SPD V. Plan Document: Who Wins?
Conflicts between a benefit plan Summary Plan Description and a plan document are an ever-present concern for plan sponsors. An aggrieved participant who relies on SPD language will often pursue a claim for benefits even though he/she is not entitled to the benefit under the plain terms of the plan document. This problem is illustrated by a recent 6th Circuit Court of Appeals decision, Pearce v. Chrysler Group LLC Pension Plan, No. 17-1431 (6th Cir. June 20, 2018).
In 2008, Mr. Pearce was 60 years old and had 33 years of service with Chrysler. He declined a buyout offer and Chrysler terminated his employment. Based on Chrysler’s pension plan SPD, Mr. Pearce believed that he was entitled to a “30-and-out” early retirement supplement under the pension plan. The SPD stated: “[y]ou do not need to be actively employed at retirement to be eligible for a supplement. However, you must retire and begin receiving pension benefits within five years of your last day of work for the Company in order to receive any supplements for which you are eligible.” In contrast, the plan document clearly stated that a terminated participant was not entitled to an early retirement supplement, even if he/she otherwise qualified for it on the termination date.
Chrysler denied Mr. Pearce’s claim for an early retirement supplement. After losing his administrative appeal, he filed a lawsuit.
In this decision, the 6th Circuit considered whether Mr. Pearce was entitled to equitable relief under ERISA Section 502(a)(3). The Court denied his claim for equitable estoppel, but remanded the case to the district court to determine whether reformation of the plan was an appropriate form of equitable relief.
Reformation is “the judicial reforming or re-writing of a document, such as a contract, to make that document reflect the true agreement of the parties.” Reformation would be appropriate, based on Mr. Pearce’s mistaken belief that he was entitled to the “30-and-out” benefit, if he can prove that Chrysler committed fraud or engaged in inequitable conduct. No intent to deceive is necessary; rather, in equity, fraud is generally an act by one in a position of trust or confidence by which it obtains an undue advantage.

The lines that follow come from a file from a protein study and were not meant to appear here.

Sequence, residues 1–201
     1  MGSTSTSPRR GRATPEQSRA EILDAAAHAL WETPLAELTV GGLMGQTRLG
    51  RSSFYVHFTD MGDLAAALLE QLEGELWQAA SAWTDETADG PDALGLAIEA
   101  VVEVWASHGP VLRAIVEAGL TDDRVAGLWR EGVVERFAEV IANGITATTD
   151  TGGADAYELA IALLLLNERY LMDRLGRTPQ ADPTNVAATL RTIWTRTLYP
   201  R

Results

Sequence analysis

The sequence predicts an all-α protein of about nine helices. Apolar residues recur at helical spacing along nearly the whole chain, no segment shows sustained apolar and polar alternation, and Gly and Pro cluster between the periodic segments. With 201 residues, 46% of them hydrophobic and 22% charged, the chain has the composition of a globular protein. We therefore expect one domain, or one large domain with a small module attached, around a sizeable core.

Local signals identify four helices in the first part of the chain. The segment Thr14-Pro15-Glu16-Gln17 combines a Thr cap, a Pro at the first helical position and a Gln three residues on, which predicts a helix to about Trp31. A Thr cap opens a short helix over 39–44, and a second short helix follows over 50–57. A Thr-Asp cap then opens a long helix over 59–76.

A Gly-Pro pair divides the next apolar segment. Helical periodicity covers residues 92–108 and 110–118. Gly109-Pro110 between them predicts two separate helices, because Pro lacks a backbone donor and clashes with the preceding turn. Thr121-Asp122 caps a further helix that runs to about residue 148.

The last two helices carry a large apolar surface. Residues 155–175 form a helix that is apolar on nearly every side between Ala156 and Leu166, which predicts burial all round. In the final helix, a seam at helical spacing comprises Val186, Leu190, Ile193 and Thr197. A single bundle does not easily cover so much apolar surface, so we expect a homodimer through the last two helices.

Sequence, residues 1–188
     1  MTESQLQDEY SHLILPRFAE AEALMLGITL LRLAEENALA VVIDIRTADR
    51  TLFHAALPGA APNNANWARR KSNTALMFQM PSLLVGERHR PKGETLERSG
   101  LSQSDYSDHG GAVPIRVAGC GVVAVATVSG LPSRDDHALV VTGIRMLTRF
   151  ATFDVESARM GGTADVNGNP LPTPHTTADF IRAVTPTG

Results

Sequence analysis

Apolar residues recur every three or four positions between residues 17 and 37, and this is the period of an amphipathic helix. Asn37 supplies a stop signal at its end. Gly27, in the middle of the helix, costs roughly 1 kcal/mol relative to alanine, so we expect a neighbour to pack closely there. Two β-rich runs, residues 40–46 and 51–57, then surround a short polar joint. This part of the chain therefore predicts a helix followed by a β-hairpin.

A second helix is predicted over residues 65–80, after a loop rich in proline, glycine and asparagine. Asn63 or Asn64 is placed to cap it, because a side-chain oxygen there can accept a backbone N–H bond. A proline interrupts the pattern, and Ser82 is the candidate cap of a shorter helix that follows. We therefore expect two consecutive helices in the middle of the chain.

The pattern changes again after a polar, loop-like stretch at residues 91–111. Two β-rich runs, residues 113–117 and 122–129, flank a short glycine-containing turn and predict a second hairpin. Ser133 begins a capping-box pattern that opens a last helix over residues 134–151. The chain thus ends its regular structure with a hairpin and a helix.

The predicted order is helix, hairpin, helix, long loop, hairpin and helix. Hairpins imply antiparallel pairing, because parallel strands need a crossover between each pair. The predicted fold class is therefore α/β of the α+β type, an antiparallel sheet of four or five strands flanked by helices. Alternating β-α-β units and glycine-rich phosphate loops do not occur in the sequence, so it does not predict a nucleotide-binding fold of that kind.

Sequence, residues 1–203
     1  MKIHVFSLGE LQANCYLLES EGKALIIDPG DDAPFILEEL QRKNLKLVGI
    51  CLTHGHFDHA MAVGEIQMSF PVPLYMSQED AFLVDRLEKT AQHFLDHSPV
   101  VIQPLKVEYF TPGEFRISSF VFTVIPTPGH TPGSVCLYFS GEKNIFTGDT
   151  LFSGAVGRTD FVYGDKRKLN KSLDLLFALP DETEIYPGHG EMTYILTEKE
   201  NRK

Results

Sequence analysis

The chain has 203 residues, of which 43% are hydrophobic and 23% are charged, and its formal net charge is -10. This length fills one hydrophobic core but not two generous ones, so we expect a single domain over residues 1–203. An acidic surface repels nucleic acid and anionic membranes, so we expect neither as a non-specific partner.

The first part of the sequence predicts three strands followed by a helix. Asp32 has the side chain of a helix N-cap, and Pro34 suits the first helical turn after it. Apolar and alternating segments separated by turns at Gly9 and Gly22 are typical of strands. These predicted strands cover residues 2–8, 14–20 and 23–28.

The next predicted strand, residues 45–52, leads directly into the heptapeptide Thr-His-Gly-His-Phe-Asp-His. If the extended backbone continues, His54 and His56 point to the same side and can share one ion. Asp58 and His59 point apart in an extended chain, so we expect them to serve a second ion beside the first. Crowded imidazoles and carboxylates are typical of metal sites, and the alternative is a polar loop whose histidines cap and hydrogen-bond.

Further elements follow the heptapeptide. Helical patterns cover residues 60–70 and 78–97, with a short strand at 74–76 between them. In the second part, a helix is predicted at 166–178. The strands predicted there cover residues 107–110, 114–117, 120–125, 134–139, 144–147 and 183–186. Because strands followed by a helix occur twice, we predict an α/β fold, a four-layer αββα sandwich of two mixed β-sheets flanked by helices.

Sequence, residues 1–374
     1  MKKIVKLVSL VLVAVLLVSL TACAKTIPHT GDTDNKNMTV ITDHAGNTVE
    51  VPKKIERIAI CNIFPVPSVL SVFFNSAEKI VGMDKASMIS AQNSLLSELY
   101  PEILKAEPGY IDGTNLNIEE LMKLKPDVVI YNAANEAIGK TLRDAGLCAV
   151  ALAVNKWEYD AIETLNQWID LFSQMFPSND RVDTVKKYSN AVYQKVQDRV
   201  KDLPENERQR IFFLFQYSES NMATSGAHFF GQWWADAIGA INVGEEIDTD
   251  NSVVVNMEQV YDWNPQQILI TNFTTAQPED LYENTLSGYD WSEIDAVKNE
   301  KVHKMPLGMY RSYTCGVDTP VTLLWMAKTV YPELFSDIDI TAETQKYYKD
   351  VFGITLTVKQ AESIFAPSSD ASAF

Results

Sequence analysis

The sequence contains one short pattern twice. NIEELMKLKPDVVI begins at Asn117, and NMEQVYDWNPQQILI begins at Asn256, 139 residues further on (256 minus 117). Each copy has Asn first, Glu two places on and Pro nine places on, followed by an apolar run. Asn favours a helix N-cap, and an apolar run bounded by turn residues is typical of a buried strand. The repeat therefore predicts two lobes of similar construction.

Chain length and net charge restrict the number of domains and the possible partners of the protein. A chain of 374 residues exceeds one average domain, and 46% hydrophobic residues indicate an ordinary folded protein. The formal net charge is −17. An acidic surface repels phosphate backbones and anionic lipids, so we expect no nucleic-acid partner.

As further guidance for the district court when the case is heard on remand, the 6th Circuit explained that equitable fraud can be found in ERISA cases where there is:
(1) an information asymmetry, such that the defendant is the only one who knows the true facts and the plaintiff cannot ascertain the true facts; (2) the defendant misrepresents the benefits to which the plaintiff is entitled; and (3) the plaintiff investigated her benefits and drew a reasonable conclusion about them on the basis of the defendant’s misrepresentation, even when the documents the plaintiff relied upon contained a disclaimer that the plan would govern in the event of a conflict. Deschamps v. Bridgestone Americas, Inc. Salaried Emps. Ret. Plan, 840 F.3d 267, 274-75 (6th Cir. 2016).
What does this decision mean for plan sponsors?
DOL regulations, require an SPD to clearly identify “circumstances which may result in disqualification, ineligibility, or denial, loss, forfeiture, suspension, offset, recovery, or recovery […] of any benefits that a participant or beneficiary might otherwise reasonably expect the plan to provide on the basis of the description of benefits” in the SPD. DOL Reg. §2520.102-3(l). This lawsuit might have been avoided if the SPD had clear language tracking the plan language, which did not allow a terminated participant to receive an early retirement supplement.
An SPD should always be reviewed side-by-side with the plan document to make sure that the SPD language is consistent with the plan document and that no important limitations or restrictions on benefits are omitted. Although commonly included, a statement in the SPD that the plan document will govern in the event of a conflict by itself is not always a winning argument. It is critical that an SPD should be subject to a rigorous review every time it is issued, even if the document only reflects a minor modification. This is a situation where an ounce of prevention can definitely prevent a pound of cure.